When I came in on lap six the race clock had just passed the three and a half hour mark. I'd already beaten last years number of laps by around three hours! I'd already decided on earlier laps to add another two goals to the list.

  • Goal 1: Ride for the full six hours, with only one or two minutes maximum to refill my bottle and refuel myself, every second lap.
  • Goal 2: Complete eight laps
  • Goal 3: Finish in the top 40% (in 2008 I finished inside the top 50%)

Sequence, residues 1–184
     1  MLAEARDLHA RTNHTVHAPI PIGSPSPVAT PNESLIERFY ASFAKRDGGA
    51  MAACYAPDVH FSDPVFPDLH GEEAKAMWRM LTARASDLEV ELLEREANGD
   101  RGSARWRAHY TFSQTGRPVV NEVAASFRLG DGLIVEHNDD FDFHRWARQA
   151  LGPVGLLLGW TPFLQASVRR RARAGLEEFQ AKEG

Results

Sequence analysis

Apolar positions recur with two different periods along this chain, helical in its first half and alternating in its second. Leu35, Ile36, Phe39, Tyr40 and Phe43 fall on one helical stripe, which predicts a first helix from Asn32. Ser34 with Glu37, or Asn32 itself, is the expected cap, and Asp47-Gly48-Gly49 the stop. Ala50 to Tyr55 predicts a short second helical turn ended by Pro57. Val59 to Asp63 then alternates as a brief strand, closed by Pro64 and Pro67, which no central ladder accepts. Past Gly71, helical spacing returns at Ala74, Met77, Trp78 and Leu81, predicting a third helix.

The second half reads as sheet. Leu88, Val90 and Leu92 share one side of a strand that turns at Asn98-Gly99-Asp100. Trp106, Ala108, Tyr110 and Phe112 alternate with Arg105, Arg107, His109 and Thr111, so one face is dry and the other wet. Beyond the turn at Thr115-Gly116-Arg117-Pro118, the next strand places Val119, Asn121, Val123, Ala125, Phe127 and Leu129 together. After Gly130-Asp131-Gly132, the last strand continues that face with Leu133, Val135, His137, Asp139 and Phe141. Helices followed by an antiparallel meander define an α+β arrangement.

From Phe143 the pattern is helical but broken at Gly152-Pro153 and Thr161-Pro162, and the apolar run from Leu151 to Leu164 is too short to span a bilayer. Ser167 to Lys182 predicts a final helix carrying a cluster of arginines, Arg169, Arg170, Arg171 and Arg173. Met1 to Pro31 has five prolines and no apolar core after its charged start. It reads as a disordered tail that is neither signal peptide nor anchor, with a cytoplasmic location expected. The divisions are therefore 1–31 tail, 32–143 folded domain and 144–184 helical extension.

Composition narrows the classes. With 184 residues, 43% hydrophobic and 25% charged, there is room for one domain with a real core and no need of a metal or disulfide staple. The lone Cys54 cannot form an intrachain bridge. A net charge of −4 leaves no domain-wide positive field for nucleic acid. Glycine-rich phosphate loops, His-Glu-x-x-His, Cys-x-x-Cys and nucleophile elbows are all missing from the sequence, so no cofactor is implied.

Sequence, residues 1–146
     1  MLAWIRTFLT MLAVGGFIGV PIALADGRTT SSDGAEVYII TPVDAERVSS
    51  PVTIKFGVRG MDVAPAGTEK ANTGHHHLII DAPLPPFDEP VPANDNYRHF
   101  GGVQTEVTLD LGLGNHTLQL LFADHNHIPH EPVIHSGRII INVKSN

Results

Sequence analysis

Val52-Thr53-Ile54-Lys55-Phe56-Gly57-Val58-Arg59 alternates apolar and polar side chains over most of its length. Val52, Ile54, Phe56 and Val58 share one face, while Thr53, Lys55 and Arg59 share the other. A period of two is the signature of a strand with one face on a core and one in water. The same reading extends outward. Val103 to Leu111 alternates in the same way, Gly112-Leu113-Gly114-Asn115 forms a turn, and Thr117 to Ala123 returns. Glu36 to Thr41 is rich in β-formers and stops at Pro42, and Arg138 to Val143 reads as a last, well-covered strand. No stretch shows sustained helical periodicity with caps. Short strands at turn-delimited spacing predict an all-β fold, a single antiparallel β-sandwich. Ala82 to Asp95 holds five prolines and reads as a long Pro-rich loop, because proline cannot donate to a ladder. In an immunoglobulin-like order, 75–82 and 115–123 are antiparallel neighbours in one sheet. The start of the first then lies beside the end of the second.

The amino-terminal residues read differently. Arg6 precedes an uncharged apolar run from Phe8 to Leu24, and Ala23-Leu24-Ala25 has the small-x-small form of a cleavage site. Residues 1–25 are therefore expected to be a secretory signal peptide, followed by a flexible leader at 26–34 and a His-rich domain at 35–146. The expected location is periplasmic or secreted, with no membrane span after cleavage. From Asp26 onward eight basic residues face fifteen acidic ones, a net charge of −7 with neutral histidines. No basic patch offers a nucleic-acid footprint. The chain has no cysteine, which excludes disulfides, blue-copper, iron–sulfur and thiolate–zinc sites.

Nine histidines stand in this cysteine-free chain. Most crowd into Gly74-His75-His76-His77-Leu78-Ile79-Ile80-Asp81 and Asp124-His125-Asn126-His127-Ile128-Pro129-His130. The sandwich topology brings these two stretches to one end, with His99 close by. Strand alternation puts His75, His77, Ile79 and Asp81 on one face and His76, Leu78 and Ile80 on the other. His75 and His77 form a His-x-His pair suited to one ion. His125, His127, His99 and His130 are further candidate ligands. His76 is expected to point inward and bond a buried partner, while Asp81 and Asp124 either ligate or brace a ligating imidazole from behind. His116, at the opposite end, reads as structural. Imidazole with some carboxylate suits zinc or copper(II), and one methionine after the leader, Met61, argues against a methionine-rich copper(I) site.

Now I didn't care if anyone passed me, I told myself they were either Elite riders or were in a pair and just focused on riding smoothly and at a sustainable pace. There was great support for the riders from a large crowd of hundreds of spectators who had turned up to watch with many of them cheering on every rider, fantastic! It was good to see Harriet at the race, supporting some friends who were riding in the Male Pairs category and she gave me a cheer whenever I passed, which along with all of the other supporters certainly helped keep your chin up and your motivation high. There was great banter between the riders too. On an earlier lap I had my rear wheel spin out on a climb and the bike rapidly turned at ninety degrees and sent me careering into a tree, albeit at a relatively slow speed, which resulted in one rider (apologies I forget your number and didn't get your name but you know who you are and you were wearing the Giant top) calling me "Treehugger" as we traded places for the next three or four laps. I don't now where he ended up as he stopped with a puncture and that was the last I saw of him. Despite all of the warnings of punctures I was running tubes and not tubeless but didn't have a single puncture, although I'm not complaining as I saw dozens of riders stopped changing tubes throughout the race.